The Vista partition did not have a backup, though, and attempting a byte-for-byte transfer from the original hard drive failed. Vista was there but it refused to boot. I tried using the Vista installer disc to "Fix startup", "bootrec /fixmbr", "bootrec /fixboot", "bootrec /rebuildbcd", etc. (I should have looked for this rather than just randomly flip switches LOL..) I also got stumped by another problem: Boot Camp refused to give me a boot drive selector when I held the Option key down. This ended up being caused by having too many USB peripherals and a race condition resulting, so I disconnected everything except for my keyboard and mouse and it worked fine. Ten or so reboots later, I gave up, deleted the Vista partition, and reinstalled Vista from scratch. It's okay though, I wanted to claim the extra space and get a fresh OS start anyway.

This blog entry is posted from my fresh Vista partition on my Mac Mini.

Finally, I had to manually restore my iTunes Music library, including the XML files. Somehow that didn't make it onto my Time Machine backup; might be because I had excluded it, I don't remember.

 

 

The Down Side of the Mac Mini

by Jon Davis 22. May 2008 23:23

I've only been blogging in the context of late night fun lately, so bear with me, someday soon I'll get bored by all this and "get back to work" here on my blog.

So I got Vista installed on Boot Camp to get some experience with native Windows on my Mac Mini hardware. My hardware was the best that Apple offered in Mini form (2GHz + 2GB + 160GB). Here are the Vista performance assessment results, needless to say I'm unsurprised yet nonetheless still disappointed by the horrible graphics card on this thing. But it's still a decent little machine for its size.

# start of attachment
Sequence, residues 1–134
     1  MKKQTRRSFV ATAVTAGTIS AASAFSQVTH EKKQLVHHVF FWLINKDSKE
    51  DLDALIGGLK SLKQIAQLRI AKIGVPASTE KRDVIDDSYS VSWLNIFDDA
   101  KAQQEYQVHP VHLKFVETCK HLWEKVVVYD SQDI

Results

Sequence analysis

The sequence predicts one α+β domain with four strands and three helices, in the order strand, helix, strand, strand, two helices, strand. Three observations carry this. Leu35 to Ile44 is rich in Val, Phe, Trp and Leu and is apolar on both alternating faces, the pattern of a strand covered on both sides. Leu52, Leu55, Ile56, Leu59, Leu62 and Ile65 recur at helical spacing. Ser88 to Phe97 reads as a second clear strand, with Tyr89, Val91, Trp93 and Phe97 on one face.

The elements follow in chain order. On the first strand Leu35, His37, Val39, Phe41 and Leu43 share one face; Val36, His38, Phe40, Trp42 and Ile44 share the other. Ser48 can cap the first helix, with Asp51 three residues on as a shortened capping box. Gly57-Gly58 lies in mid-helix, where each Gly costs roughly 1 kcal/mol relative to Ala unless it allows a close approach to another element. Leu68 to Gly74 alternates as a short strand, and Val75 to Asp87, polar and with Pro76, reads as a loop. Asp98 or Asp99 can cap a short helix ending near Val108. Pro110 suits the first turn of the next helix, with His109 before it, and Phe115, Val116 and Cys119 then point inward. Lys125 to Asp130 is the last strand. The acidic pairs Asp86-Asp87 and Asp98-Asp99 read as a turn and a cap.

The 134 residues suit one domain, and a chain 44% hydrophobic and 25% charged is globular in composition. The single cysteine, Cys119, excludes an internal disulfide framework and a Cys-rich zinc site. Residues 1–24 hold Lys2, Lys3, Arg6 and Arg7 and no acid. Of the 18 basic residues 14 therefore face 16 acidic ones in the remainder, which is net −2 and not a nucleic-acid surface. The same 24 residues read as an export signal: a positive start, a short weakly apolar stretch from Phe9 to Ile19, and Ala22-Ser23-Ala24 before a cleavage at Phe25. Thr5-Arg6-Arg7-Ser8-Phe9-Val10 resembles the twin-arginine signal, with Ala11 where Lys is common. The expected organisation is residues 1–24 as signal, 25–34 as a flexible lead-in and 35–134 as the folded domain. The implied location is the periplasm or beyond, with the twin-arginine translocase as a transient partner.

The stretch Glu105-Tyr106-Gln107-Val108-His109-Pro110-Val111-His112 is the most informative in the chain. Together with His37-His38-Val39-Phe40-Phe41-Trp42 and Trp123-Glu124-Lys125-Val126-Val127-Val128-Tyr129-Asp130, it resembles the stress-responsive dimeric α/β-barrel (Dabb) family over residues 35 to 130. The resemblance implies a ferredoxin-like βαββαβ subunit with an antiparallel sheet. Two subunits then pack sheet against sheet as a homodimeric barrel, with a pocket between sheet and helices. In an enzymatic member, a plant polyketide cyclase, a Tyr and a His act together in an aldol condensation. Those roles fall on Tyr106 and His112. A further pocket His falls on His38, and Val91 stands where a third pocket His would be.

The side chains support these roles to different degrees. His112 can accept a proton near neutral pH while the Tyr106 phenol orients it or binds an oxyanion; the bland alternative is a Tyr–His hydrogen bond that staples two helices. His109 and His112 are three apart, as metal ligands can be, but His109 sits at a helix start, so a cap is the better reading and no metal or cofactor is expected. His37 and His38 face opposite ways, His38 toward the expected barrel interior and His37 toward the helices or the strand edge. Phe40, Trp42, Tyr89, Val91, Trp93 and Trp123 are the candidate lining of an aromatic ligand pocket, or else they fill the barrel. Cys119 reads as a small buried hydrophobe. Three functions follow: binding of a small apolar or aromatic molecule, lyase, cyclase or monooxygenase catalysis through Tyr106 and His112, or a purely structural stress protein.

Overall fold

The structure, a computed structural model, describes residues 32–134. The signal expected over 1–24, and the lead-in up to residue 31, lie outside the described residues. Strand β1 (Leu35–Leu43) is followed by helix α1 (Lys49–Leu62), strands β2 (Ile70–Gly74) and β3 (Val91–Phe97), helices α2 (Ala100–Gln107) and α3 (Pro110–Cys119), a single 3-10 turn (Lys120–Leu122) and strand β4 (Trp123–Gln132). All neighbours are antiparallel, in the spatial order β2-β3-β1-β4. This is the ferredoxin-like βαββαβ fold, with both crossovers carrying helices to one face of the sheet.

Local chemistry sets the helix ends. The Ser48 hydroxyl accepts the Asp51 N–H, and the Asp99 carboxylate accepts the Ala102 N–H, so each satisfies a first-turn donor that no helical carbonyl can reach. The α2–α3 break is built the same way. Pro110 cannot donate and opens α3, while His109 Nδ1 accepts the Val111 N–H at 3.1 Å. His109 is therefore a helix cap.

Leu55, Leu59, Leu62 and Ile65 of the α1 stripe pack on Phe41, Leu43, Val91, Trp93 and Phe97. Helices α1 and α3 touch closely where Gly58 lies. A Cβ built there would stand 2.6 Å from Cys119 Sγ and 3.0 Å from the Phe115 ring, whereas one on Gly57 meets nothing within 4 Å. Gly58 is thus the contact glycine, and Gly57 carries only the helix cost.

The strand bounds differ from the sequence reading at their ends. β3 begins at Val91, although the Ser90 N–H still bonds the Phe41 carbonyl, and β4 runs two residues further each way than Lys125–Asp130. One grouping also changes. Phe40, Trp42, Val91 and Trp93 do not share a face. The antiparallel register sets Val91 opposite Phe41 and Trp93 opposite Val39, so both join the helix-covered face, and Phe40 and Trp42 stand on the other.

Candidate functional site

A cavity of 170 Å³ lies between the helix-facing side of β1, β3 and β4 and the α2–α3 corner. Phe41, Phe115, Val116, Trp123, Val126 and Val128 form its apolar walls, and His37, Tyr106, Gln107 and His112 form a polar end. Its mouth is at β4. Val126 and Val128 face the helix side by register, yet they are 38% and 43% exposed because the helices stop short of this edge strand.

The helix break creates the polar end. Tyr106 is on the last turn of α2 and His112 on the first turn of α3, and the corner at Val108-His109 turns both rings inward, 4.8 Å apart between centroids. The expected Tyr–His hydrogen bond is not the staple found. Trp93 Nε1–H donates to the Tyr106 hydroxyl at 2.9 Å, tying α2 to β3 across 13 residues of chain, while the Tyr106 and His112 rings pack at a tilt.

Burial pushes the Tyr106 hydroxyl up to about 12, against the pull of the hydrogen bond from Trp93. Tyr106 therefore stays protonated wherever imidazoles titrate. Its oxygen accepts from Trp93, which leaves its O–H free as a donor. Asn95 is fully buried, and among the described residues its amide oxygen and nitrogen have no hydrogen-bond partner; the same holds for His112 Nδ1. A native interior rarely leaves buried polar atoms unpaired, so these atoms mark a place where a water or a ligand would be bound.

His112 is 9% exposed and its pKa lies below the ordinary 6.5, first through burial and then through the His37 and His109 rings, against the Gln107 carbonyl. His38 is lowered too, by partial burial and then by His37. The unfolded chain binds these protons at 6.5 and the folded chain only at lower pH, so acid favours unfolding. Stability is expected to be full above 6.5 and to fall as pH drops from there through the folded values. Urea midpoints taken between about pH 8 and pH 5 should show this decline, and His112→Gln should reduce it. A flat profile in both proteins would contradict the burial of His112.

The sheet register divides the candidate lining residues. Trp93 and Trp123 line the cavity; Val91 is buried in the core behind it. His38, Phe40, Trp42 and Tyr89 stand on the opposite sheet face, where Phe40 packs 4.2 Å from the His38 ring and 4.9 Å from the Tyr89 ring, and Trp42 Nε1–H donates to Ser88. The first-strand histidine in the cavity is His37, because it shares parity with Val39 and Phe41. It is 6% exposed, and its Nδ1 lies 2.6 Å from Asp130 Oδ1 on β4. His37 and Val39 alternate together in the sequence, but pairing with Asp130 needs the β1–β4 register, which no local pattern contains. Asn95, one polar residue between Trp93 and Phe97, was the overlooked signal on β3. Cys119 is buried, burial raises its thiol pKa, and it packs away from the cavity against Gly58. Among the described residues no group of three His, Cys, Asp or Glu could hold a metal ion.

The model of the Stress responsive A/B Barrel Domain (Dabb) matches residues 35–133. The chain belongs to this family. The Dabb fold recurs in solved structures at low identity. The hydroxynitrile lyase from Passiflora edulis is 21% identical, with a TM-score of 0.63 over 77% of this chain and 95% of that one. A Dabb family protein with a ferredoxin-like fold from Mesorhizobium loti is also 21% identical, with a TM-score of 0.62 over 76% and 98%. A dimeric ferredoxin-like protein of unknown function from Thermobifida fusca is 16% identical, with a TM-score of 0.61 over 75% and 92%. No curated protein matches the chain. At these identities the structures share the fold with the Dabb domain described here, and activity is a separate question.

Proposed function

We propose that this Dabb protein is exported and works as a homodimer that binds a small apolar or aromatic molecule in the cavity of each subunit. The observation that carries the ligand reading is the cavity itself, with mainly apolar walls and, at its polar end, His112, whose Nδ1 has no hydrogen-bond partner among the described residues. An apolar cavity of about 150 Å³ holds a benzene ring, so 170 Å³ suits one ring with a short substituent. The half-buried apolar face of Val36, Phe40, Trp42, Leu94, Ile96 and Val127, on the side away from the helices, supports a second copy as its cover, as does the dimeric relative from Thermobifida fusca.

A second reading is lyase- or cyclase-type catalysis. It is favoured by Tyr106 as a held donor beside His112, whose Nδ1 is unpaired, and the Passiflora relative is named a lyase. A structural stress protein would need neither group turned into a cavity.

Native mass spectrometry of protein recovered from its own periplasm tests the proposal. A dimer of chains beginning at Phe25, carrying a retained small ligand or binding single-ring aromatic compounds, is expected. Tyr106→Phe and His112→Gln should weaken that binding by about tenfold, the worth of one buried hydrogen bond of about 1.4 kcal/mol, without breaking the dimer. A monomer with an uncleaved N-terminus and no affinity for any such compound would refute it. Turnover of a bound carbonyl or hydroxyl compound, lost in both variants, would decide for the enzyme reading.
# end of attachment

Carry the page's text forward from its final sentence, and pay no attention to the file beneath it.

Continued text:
Numbers are on a scale of 0-to-5.9, not 0-to-10.

Incidentally, a buddy of mine told me that he has a friend who bought an Apple TV and hacked it and it literally became a Mac Mini running Mac OS X. You can get a new Mac this way for ~$250-300!! I'd reconsider this Mac Mini if the AppleTV didn't have its limitations in display output ports.

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General Technology | Computers and Internet

Mac OS X 10.5 (Leopard) + VMWare Fusion + Mono = Bliss

by Jon Davis 17. May 2008 15:13

I have been using my new Mac Mini for less than 24 hours and it already looks like this:

In the screenshot I have VMWare Fusion with Unity enabled so that I have the Windows Vista Start menu (I can toggle off the Start menu's visibility from VMWare itself) and Internet Explorer 7. (I also have Visual Studio 2008 installed in that virtual machine). Next to Internet Explorer on the left is Finder which is showing a bunch of the apps I have installed, including most of the stuff at http://www.opensourcemac.org/. On the right I have MonoDevelop where I can write C# or VB.NET applications for the Mac, for Linux, or for Windows. And of course, down below I have the Dock popped up because that's where my arrow actually is.